Tuesday, November 23rd 2021

PlayStation 3 Emulator Delivers Modest Speed-Ups with Disabled E-Cores on Intel Alder Lake Processors

According to some testing performed by the team behind RPCS3, a free and open-source emulation software for Sony's PlayStation 3, Intel's Alder Lake processors are enjoying a hefty performance boost when E-Cores is disabled. First of all, the Alder Lake processors feature a hybrid configuration with high-performance P-cores and low-power E-cores. The P-cores are based on Golden Cove architecture and can execute AVX-512 instructions with ease. However, the AVX-512 boost is only applicable when E-cores are disabled as software looks at the whole package. Officially, Alder Lake processors don't support AVX-512, as the processor's little E-cores cannot execute AVX-512 instruction.

Thanks to the team behind the RPCS3 emulator, we have some information and tests that suggest that turning E-cores off gives a performance boost to the emulation speed and game FPS. With E-Cores disabled, and only P-cores left, the processor can execute AVX-512 and gets a higher ring ratio. This means that latency in the ring bus is presumably lower. The team benchmarked Intel Core i9-12900K, and Core i9-11900K processors clocked at 5.2 GHz for tests. The Alder Lake chip had disabled E-cores. In God of War: Ascension, the Rocket Lake processor produced 68 FPS, while Alder Lake produced 78 FPS, representing around 15% improvement.
This suggests that more applications can take advantage of disabling E-cores, especially if the application has support for AVX-512 instructions, where only P-cores can execute them. So it remains to be seen throughout trial and error if more cases like this appear.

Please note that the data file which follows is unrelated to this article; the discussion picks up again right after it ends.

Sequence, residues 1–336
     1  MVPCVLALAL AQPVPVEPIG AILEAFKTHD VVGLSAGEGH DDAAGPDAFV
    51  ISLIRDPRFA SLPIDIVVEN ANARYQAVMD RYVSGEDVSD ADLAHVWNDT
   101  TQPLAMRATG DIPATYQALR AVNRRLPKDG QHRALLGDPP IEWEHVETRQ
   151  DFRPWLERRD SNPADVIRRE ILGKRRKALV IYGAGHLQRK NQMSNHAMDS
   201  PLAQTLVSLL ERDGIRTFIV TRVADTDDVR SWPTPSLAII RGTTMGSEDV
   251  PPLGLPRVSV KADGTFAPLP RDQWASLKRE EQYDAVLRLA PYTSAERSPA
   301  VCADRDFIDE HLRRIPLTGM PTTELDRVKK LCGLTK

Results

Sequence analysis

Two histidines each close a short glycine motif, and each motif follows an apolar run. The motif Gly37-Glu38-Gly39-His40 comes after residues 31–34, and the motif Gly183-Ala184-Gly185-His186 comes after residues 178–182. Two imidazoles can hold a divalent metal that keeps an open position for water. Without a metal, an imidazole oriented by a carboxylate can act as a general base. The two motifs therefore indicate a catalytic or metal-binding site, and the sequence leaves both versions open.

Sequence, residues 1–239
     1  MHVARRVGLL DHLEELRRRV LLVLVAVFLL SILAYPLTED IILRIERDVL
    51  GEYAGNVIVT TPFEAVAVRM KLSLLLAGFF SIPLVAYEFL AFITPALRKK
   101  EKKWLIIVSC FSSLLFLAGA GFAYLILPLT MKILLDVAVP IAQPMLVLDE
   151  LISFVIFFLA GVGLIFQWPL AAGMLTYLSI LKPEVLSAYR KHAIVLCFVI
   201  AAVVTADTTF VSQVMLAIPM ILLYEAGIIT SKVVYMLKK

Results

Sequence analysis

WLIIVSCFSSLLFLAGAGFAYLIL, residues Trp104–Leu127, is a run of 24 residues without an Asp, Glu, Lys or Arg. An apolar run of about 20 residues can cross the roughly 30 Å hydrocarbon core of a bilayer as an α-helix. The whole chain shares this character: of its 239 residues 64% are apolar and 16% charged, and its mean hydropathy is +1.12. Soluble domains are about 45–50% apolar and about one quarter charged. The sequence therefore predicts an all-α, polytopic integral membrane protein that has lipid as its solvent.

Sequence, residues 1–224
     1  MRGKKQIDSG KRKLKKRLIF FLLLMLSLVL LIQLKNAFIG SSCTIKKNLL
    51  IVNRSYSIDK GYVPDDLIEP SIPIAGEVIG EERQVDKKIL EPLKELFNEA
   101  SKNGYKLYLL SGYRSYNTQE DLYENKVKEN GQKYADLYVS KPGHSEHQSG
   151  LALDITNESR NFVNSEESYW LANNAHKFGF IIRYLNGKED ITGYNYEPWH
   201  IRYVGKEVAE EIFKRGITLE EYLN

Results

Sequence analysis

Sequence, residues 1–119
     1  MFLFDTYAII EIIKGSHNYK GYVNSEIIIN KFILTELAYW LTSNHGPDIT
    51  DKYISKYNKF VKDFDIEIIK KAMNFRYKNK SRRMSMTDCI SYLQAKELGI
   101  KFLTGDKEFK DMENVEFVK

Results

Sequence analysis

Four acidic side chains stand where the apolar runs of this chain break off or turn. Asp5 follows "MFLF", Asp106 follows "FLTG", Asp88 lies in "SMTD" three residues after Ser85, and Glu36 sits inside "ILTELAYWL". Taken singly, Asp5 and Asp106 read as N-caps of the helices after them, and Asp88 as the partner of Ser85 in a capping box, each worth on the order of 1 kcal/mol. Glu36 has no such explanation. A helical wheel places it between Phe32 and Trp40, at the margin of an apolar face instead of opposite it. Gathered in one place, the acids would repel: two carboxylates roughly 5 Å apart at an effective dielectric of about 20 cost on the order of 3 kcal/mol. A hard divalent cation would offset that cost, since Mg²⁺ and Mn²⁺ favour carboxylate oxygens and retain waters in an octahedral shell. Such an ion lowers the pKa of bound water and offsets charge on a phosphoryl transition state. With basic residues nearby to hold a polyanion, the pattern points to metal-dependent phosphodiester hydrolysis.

Source: RPCS3
Add your own comment

39 Comments on PlayStation 3 Emulator Delivers Modest Speed-Ups with Disabled E-Cores on Intel Alder Lake Processors

#1
ViperXTR
This is what ive been waiting for to see, hope others would use RPCS3 as a CPU benchmark like they did before with dolphin

sample test of RPCS3 running Red dead redemption on several CPUs
Posted on Reply
#2
Chomiq
ViperXTRThis is what ive been waiting for to see, hope others would use RPCS3 as a CPU benchmark like they did before with dolphin

sample test of RPCS3 running Red dead redemption on several CPUs
Yeah but you would have to retest everything with each new build of RPCS3.
Posted on Reply
#3
ViperXTR
ChomiqYeah but you would have to retest everything with each new build of RPCS3.
Just stick to one build then for a test, or maybe a common build for benchmark only like what Dolphin did
Posted on Reply
#4
qubit
Overclocked quantum bit
Something is badly wrong with a CPU architecture if disabling half the cores results in a performance improvement.

Say what you want about unoptimized software allegedly being the issue, but the bottom line is that we have 16 core CPU with 8 low performance cores rather than the full complement of 16 performance cores as it should be. I really don't like this hybrid design and feel that the consumer (us) is getting cheated out of a lot of performance.

AMD really need to come back with Alder Lake beating performance with all cores being performance cores, or this situation will continue.
Posted on Reply
#5
mb194dc
Pretty pointless application? You can get a PS3 off Ebay for about £50 and run anything on the native hardware, saving yourself the huge upgrade cost to Alder Lake for this purpose!
Posted on Reply
#6
lilunxm12
ViperXTRThis is what ive been waiting for to see, hope others would use RPCS3 as a CPU benchmark like they did before with dolphin

sample test of RPCS3 running Red dead redemption on several CPUs
That's basically an SIMD test. 2500 as a desktop processor only has 1/3 performance of 7700HQ because the former lacks AVX2 support.
qubitSomething is badly wrong with a CPU architecture if disabling half the cores results in a performance improvement.

Say what you want about unoptimized software allegedly being the issue, but the bottom line is that we have 16 core CPU with 8 low performance cores rather than the full complement of 16 performance cores as it should be. I really don't like this hybrid design and feel that the consumer (us) is getting cheated out of a lot of performance.

AMD really need to come back with Alder Lake beating performance with all cores being performance cores, or this situation will continue.